After months of protests and bloodshed, the Muslim Brotherhood has taken yet another step against the Egyptian military, which ousted its president, Mohammed Morsi, last July: it has filed a complaint against it with the International Criminal Court (ICC).
AFP reported Monday that lawyers for the terrorist group submitted a request by Morsi to make the ICC the ruling power in Egypt - even though Egypt is not a signatory and Morsi is no longer in power.
They also submitted complaints detailing the military's "crimes" against the Brotherhood, in its wide-ranging crackdown on the group.
"The message must be sent out clearly to the Egyptian military regime that it runs the risk of prosecution. This is what the declaration accepting the jurisdiction aims to achieve," attorney John Dugard stated to AFP.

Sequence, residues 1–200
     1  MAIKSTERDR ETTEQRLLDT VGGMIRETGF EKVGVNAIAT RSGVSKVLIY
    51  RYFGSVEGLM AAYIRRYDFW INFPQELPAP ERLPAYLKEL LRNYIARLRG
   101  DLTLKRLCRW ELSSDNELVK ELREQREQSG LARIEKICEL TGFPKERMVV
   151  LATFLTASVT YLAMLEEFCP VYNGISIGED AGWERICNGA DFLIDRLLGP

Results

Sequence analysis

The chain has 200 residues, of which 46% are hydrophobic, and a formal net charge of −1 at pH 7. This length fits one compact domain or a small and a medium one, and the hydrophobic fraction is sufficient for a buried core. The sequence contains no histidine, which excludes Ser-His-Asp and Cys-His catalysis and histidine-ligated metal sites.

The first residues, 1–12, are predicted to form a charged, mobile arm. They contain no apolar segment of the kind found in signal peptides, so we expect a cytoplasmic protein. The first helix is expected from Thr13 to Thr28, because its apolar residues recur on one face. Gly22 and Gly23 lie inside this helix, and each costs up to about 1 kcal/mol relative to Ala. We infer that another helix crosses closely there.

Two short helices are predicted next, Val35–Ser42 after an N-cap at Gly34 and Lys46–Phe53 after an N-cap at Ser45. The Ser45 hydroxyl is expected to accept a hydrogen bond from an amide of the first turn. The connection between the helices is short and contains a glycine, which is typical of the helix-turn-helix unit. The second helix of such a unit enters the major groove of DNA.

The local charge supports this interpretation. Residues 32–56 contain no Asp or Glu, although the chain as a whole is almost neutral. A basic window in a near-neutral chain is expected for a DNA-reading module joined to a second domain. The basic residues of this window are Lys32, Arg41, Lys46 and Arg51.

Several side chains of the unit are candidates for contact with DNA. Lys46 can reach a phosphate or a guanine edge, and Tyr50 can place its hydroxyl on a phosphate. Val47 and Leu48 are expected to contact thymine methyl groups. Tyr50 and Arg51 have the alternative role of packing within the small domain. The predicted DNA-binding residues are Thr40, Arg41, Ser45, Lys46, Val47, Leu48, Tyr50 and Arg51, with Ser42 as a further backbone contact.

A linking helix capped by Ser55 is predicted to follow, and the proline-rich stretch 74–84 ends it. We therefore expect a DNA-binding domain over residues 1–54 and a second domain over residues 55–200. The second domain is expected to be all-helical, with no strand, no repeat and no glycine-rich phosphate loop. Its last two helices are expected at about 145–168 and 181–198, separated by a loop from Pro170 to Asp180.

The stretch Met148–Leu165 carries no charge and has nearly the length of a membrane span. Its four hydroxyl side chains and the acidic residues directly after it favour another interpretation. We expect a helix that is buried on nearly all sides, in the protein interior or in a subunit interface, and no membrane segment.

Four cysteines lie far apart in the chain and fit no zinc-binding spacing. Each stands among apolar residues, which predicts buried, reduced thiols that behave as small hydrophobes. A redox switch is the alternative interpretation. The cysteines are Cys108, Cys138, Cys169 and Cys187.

The Muslim Brotherhood is already the subject of a court ban by an Egyptian court, following the ouster of the Islamist Morsi. The ban on the group accompanied a campaign by security forces to crush the Islamist movement in which hundreds of its members have been killed and thousands arrested.
Egypt has also frozen the assets of senior leaders of the movement and has arrested dozens of its members since Morsi’s removal, including most of its leadership.
The Brotherhood, despite being blacklisted as a terrorist group by the Egyptian government, has denied again and again that it has anything to do with terror in Egypt and the Sinai desert. The news comes just hours after reports surfaced that the Brotherhood had planned to recruit a "Revolutionary Guard" capable of enforcing the Brotherhood's rule by force - modeled after the powerful Guard in Iran.